If I were given this recipe and told that I had to come up with my own name for the pie, it would be Bananas Foster Cream Pie. With the exception of setting bananas on fire, the flavors in this pie are reminiscent of the classic dessert, Bananas Foster. In place of a typical vanilla pastry cream, Dorie subs out the white sugar and uses brown sugar, and adds cinnamon and nutmeg for an extra punch of earthy flavor. As I was whisking and whisking, and smelling the cream as it thickened, I couldn’t help but think that this pastry cream would be a perfect pairing for so many fall-inspired desserts – anything from apple to pumpkin, and everything in between.
The only problem I really experienced with the pie was the crust itself. Between buttering the pie plate, the crust itself, and then buttering the foil for the blind bake, when I took the pan out and removed the foil, the crust was literally floating in a sea of butter, both underneath and on top of the crust. I was able to sop up a lot of it with a paper towel, but it resulted in sort of a soggy, under-baked bottom part of the crust. I’ve tried so many crust recipes over the past few years and a lot of them have been hit or miss. The best result I’ve had so far has been the crust (well, technically, Pâte Brisée) that I used for the Blueberry Pie I made last summer. After reviewing that recipe I think perhaps the secret isn’t so much in the recipe itself, but rather the method. From what I recorded and what I recall from making that pie, these are the major differences:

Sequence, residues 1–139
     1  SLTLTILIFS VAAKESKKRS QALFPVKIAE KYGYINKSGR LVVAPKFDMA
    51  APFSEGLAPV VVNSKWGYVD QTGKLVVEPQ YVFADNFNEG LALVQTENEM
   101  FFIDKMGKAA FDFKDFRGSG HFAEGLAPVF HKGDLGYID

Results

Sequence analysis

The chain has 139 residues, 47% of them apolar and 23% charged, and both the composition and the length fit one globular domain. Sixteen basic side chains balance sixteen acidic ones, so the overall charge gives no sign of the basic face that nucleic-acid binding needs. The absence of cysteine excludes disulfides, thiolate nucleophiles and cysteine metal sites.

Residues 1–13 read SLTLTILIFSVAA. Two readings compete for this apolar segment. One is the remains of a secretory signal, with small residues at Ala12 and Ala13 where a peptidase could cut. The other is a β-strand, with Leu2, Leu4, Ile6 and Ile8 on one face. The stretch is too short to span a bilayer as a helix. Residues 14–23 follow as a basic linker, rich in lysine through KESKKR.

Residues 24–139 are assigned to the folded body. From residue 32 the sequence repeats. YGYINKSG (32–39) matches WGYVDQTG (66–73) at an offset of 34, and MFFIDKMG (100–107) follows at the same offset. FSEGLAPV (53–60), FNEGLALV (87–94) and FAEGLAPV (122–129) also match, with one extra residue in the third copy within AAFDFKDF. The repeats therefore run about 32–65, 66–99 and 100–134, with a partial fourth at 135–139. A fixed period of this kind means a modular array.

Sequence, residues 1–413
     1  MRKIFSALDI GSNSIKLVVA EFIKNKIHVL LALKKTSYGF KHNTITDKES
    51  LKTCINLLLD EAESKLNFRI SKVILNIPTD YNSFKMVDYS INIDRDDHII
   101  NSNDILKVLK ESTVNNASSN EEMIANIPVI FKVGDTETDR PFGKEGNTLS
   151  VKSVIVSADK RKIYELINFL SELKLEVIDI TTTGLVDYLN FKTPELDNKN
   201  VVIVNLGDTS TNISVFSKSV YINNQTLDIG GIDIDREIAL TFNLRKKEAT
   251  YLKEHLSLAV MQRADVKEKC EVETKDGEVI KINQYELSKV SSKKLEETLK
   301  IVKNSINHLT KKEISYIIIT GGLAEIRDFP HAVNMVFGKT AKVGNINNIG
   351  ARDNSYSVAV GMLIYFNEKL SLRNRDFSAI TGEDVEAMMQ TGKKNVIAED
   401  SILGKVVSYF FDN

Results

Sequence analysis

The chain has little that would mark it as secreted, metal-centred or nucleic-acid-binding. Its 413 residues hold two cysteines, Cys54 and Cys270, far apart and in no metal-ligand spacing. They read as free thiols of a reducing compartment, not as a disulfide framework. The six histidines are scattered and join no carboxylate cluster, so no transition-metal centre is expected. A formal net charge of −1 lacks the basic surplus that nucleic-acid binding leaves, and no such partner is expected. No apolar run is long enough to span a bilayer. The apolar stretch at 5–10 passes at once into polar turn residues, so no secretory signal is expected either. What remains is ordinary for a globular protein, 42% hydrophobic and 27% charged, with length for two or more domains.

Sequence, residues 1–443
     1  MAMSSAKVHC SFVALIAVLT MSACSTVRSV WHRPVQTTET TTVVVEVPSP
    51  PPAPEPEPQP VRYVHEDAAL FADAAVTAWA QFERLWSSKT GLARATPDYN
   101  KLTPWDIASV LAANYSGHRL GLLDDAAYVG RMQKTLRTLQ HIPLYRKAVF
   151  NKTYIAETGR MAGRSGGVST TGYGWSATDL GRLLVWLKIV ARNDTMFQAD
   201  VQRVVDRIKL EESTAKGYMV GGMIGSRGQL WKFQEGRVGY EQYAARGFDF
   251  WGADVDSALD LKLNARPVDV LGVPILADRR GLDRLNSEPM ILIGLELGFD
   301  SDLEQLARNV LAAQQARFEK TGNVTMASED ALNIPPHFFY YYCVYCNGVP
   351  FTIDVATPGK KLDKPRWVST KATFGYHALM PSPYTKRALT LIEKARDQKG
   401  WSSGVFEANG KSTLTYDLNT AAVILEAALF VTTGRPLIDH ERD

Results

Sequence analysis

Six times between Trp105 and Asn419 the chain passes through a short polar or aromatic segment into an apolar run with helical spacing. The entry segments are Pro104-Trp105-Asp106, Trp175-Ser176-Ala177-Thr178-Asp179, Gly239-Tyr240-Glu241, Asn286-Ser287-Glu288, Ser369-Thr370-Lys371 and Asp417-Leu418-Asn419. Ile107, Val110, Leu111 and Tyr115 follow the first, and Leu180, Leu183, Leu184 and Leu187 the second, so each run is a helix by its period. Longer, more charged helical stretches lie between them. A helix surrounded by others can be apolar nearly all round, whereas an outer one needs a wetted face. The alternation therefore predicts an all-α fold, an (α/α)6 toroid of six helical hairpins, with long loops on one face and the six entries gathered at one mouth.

♦ I put the butter, ice water, AND the dry ingredients in the freezer for a full hour before I began making the crust.
♦ After mixing the dough, I shaped it into a disk and put it in the refrigerator for two hours.
♦ I did not butter the pie plate.
♦ After rolling out the dough and fitting it into the pie plate, I refrigerated the pan for another hour.
♦ After the pie was filled and ready to be baked, I put it in the freezer for about 30 minutes (this sstep wouldn’t be applicable for a blind-baked crust such as this Banana Cream Pie)
If you do the math, it’s definitely a time consuming process, but I still remember that crust and how wonderfully flaky it was. Totally worth it! The above will be the standard method I use for making pie crust from now on, regardless of what the actual ingredients are. Hopefully for those of you that have been foiled by crust catastrophes, you’ll give it one more shot and try the suggestions above! If you do, I’d love to hear how it turns out.